IAS 39 — Determining the effective interest rate of restructured Greek Government Bonds
At its May 2012 meeting, the Committee considered a request for guidance on the circumstances in which the restructuring of Greek government bonds (GGB) should result in derecognition of the whole asset, or only part of it, in accordance with IAS 39 Financial Instruments: Recognition and Measurement. The principal issue raised was whether the transaction should result in derecognition of the whole asset, or only part of it, in accordance with IAS 39.
While the Committee addressed many of the questions raised in the submission as part of the May meeting, it did not address the question of whether paragraph AG5 of IAS 39 could apply when determining the effective interest rate on initial recognition of the new GGBs that were received as part of the debt restructuring. Applying paragraph AG5 means that the effective interest rate would be determined at initial recognition using estimated cash flows that take into account incurred credit losses.
At the July 2012 meeting, Committee members generally agreed that application of paragraph AG5 of IAS 39 is not limited to purchase transactions, but includes the notion of ‘originated’ instruments even though AG5 uses the word ‘acquired’. Thus, application of paragraph AG5 applies to purchased and originated assets alike. They also agreed that the context and structure of IAS 39 means that paragraph AG5 is an integral part of the effective interest method and hence applies to all financial assets for which interest revenue is calculated on an effective interest basis, including assets that are originated.
These conclusions were generally based on supporting wording in IAS 39 which uses the term ‘acquired’ in various instances as a generic term that comprises both purchases and originations of assets. For example, paragraph 9 of IAS 39, in defining financial asset or financial liability at fair value through profit or loss and transaction costs, as well as paragraph 43 of IAS 39. The context and structure of IAS 39 and the purpose of the requirement were also seen to support this view.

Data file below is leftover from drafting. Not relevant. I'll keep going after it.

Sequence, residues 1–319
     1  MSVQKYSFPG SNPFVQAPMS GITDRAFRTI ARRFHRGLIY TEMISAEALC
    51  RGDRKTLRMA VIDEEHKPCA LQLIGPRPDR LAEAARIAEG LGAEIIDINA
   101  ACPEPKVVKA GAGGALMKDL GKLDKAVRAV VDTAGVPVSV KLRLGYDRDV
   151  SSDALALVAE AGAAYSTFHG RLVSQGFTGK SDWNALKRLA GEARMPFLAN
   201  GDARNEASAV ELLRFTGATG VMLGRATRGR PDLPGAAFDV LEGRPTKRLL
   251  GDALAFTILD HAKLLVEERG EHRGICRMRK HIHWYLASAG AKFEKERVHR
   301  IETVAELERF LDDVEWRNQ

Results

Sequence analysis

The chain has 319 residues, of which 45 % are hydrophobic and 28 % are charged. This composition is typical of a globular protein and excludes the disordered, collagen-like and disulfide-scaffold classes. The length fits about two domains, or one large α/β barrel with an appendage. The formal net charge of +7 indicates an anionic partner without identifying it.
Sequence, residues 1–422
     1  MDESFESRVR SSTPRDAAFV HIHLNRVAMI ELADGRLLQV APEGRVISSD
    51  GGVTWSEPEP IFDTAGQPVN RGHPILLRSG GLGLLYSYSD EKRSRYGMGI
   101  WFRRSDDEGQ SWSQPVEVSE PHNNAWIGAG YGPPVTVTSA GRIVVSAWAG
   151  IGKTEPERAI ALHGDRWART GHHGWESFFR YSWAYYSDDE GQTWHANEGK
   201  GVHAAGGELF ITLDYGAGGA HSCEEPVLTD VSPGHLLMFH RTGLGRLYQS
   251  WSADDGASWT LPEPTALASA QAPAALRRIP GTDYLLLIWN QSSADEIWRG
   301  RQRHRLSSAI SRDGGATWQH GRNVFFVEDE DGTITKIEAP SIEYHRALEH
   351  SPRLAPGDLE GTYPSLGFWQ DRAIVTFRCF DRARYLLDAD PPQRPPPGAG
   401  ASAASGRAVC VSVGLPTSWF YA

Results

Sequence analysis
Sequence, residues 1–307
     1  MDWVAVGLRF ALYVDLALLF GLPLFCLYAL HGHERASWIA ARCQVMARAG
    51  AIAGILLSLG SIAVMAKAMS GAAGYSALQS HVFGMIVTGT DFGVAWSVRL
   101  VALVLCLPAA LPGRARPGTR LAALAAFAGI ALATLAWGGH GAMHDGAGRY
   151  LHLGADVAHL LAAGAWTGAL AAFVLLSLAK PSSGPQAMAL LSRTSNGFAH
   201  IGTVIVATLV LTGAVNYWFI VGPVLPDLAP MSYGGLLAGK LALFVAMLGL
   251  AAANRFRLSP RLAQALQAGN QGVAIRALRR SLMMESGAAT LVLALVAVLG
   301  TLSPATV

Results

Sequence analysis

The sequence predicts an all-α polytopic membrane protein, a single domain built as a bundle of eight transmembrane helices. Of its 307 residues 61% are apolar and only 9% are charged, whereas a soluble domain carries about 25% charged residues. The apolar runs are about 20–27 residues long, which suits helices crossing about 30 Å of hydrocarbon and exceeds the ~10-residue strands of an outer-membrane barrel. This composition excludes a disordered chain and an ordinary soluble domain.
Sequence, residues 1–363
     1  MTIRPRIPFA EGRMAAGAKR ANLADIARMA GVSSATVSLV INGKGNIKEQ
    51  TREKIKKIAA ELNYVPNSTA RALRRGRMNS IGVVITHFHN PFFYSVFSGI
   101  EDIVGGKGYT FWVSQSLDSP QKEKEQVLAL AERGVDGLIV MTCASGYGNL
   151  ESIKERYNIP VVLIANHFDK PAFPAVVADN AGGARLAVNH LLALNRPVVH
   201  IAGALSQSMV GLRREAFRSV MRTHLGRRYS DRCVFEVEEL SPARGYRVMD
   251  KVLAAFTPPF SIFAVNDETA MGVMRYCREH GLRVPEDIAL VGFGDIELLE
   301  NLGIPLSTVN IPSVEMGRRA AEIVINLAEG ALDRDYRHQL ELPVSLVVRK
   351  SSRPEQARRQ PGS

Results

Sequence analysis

Committee members requested, however, that the tentative agenda decision clearly reflect that the Committee was not asserting that an incurred credit loss is present in the specific circumstances raised in the submission. The Committee noted that the assessment of whether an incurred loss exists must be made by local regulators.
One Committee member questioned the rationale for this question as she believed the existence of an incurred loss on an originated debt instrument would be rare. However, another Committee member noted that even though the origination of a debt instrument with an incurred loss is rather unusual, there are situations in which such transactions occur. He spoke of ‘troubled debt restructurings’ in the US environment such that significant financial difficulty of an obligor result in originations of debt instruments that are outside the normal underwriting process. This could include situations in which modifications of debt instruments result in derecognition of the original financial asset and the recognition of a new financial asset. In these circumstances, new financial assets could be recognised that have incurred losses on initial recognition.
On the basis of this analysis, the Committee tentatively decided not to add the issue to its agenda. The Committee asked that the staff revise the tentative agenda decision on the basis of discussion during the meeting for recirculation.